This could be the strangest stunt ever to be attempted in the Florida Straits.
A very young Florida mayor plans to build a raft in Cuba and sail it on his own from Castrogonia to the U.S.A., to call attention to the plight of Cuban rafters.
Is this necessary, really? When thousands upon thousands of Cubans risk their lives on rafts and other “rustic vessels” day after day, does no one really notice?
Will the efforts of one American really make any difference? Perhaps. After all, as we all know, Americans matter so much more than Cubans.
At least this is no Diana Nyad stunt. But there is still something very odd about this deal.
From The Guardian
Mayor of Florida city plans to sail raft from Cuba to highlight migrant’s plight
A Florida mayor has floated an idea he says will allow him to better understand the experience of undocumented Cubans who arrive to the United States by boat.
“My plan is to go down [to Cuba] and build a raft and come back to Florida on it,” said Clint Johnson, the mayor of De Bary, a small city just outside Orlando.
The 30-year-old official said he wants to highlight the journey of thousands of Cubans who now live in his home state: in the last three months of 2015, 1,536 Cubans attempted the trip, with nearly 5,000 Cubans picked up at sea by the US coast guard in fiscal year 2015.
“The journey they take is largely unreported and there is very little information on exactly what these men, women, & children go through to get here,” explained Johnson on his website.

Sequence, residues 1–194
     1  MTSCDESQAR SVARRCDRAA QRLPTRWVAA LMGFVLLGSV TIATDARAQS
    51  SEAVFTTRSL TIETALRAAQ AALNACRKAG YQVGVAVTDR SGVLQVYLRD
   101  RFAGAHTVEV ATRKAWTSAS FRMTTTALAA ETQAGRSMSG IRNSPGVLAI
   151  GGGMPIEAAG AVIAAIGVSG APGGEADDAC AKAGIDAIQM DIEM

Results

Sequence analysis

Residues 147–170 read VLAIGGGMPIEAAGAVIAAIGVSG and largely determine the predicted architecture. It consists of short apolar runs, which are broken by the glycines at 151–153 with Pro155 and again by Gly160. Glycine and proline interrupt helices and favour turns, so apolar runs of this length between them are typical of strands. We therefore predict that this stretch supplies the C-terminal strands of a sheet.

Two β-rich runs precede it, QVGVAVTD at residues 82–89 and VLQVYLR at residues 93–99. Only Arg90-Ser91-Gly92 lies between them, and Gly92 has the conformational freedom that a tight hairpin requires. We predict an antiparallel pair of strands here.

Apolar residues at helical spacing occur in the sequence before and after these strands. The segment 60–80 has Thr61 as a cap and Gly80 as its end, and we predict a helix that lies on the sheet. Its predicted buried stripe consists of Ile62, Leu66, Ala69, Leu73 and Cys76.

Johnson said the prospect of negotiating the often-dangerous waters of the Florida Straits for 90 miles on a raft made with two steel barrels and some plywood also appealed to his adventure-seeking nature..
“I’ve heard the sharks will circle the boat, because bait fish will get underneath it and attract them,” he told the Guardian. “The sun – you can overheat quickly, you can dehydrate. You can hit a storm. There’s plenty of dangers and I don’t take them lightly.”
Johnson has already received a visa from the Cuban government and intends to fly to Havana in mid-April. Once there, he will build a raft himself with the help of local Cuban contacts, who will help source materials (it remains illegal for Cubans to construct, repair or board a sea-going vessel intended to be used for illegal immigration). He will then head back to the Florida Keys as soon as weather permits.
Johnson said he saw a photo posted on Instagram by James Harrison, a linebacker for the Pittsburgh Steelers, whose cruise ship encountered a raft with 16 Cuban asylum seekers.